Wednesday, August 17, 2005

Dry Trimmings: Throwing Log #3

I trimmed my vase last night.

The piece was beyond leather hard. It was cold to the touch, so it still had some moisture in it , but it was too dry. The walls at the base were absurdly thick, and there was an asymetric bulge about half way up the side. The piece was pulled out of circular when I removed it from the wheel

I probably should have tossed it, but I need the practice.

I centered it on the wheel. You put the piece, inverted, onto the wheel head, decide which part of the wall is most circular, and then try to line the piece up with the axis of rotation so that there is no perceptable wobble when the piece rotates. I brace my arms agaist the splash pan, hold out a finger until it barely touches the piece, and slowly rotate the wheel. The piece rotates, and you find the place that is pushed out the most off center (POMOC). Opposite of that point, is the place where the the piece is pushed in most off center (PIMOC). Observing the distance between the tip of my finger and PIMOC, I stop the wheel at POMOC, and push the piece towards the center of rotation half the observed distance.

Sounds complicated, but it only takes a few seconds. I can suceessfully pop a partially trimmed piece off of the wheel, check the current thickness of the walls, then recenter and continue.

I ended up using a steel rib to shave off most of the excess clay. The rib needs to be bowed to keep it from chattering on the piece, and my fingers are really sore this morning. I'm thinking of wrapping a bit of wire around the rib for next time.

The clay peeled off the pot in little chunky shavings. I'm working with Stardard Clay's 266, so the shavings look like milk chocolate that has been run through a rotary grater (from my trufflin' days). I saved them all in a ziplock bag, in case I need to make slip.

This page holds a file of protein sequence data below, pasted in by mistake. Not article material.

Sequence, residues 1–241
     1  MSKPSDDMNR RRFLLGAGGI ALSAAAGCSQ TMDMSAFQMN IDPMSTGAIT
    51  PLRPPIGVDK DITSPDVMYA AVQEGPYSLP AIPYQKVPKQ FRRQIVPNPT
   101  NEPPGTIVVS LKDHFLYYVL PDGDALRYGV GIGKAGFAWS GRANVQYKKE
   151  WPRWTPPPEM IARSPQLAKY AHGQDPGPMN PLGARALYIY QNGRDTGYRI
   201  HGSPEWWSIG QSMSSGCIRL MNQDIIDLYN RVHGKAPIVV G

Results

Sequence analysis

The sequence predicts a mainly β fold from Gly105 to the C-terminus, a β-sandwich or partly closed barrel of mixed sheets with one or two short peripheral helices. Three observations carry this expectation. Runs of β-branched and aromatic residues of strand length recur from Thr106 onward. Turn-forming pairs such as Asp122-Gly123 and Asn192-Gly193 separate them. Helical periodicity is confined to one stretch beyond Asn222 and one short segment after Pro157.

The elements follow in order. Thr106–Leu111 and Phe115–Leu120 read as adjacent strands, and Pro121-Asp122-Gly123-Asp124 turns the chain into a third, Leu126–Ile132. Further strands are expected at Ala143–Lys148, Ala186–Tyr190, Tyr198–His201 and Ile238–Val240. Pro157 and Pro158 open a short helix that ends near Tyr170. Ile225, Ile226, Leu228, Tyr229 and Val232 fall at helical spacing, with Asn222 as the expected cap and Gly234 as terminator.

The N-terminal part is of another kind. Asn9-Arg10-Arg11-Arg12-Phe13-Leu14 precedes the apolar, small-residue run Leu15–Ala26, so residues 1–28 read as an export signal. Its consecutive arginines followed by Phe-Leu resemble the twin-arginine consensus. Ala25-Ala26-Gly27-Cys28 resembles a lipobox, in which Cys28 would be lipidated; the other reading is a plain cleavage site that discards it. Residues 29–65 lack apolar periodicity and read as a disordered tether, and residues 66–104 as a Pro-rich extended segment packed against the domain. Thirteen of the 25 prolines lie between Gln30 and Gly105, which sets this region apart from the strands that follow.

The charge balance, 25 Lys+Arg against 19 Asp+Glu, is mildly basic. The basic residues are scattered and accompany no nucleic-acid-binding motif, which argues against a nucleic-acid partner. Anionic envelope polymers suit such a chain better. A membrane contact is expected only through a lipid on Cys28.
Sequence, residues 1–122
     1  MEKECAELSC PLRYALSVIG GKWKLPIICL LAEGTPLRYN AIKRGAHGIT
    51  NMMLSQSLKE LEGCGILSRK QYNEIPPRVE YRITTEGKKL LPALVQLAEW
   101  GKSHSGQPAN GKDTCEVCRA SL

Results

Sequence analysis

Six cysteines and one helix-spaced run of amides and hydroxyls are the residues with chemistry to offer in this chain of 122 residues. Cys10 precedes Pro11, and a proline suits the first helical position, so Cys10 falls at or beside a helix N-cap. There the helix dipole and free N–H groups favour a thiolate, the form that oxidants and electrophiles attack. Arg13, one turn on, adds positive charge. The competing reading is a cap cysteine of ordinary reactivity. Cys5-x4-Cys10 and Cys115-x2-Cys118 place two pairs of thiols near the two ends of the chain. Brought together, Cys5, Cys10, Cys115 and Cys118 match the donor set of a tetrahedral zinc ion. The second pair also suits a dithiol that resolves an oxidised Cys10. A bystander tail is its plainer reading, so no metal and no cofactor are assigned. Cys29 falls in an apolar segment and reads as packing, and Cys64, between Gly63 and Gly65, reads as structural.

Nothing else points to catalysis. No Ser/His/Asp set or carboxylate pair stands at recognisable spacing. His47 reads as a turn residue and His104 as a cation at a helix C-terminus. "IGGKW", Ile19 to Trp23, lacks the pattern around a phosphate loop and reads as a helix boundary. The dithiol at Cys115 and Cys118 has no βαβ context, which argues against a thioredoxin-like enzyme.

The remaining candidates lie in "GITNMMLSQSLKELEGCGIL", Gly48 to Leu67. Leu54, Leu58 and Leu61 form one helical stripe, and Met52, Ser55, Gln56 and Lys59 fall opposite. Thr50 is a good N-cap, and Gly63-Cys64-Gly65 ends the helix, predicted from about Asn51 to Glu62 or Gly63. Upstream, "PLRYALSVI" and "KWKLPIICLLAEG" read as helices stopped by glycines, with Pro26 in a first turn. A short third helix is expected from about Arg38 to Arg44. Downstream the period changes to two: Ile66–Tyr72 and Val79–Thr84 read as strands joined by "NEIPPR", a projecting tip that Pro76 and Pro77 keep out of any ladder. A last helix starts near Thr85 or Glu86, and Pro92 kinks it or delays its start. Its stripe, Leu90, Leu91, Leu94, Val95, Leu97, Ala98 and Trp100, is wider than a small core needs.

The piece is a pleasing shape. Its on the drying rack.
Over the weekend, we went down to Daley's Ceramics in Vineland, and bought some clay. We picked up a hundred pounds of raku clay, fifty pounds of 266, a box of pyrometric cones for our kiln sitter (cone 6), and a new trimming tool.

Joe is starting to mine his own clay, and says that it fires to an ivory yellow at cone six. Julie and I plan to pick some up, to give it a try. Joe wants to know how it does in a raku kiln.


Blogger Maureen McHugh said...

What does cone 6-10 mean? What does a cone do? Does it heat up?

I love the names of the materials.

3:30 PM  
Blogger SquidgePa said...

Pyrometric cones are little wedges of clay. They are made to slump at specific temperatures, after absorbing sufficient heat. The come in a range of formulations. The cones are numbered, to specify their temperature rating. An 'Oh' in front of a number can be thought of as a negative sign in the chart.

Large cones can be used in a kiln to measure how hot a kiln gets. The cones are placed in front of a peep plug, and are periodically checked. Typically, three cones would be used; one cone for the temperature that you want to reach, and two 'guard' cones, one one cone higher, and one one cone lower. The temperature is judged by how the cones slump in relation to each other.

Our electric kiln is controlled by a kiln sitter. A small cone is placed in a mechanism that reaches through the wall of the kiln. When the cone slumps, a rod drops in its center, and electrical power is cut to the kiln.

I fire to cone O5 or O6 for bisque firing. This corresponds to a range of 1800-1900 degrees F.

Cone 6-10 has a temperature range of 2165 - 2380 degrees F. Saying that a clay has a certain cone specifies the temperature that the clay will vitrify at.

Vitrification is a quality of properly fired clay. Take a piece of pottery in your house, and flip it over. Find an unglazed part of the clay, and lightly touch you tongue to it. Your tongue easily pulls free. If you happen to have a piece of clay that has only been bisqued, or a raku piece available, do the same; your tongue will stick, since the clay tries to absorb the water from your tongue. The bisque or raku piece is not vitrified; the other clay piece is.

5:23 PM  

Post a Comment

<< Home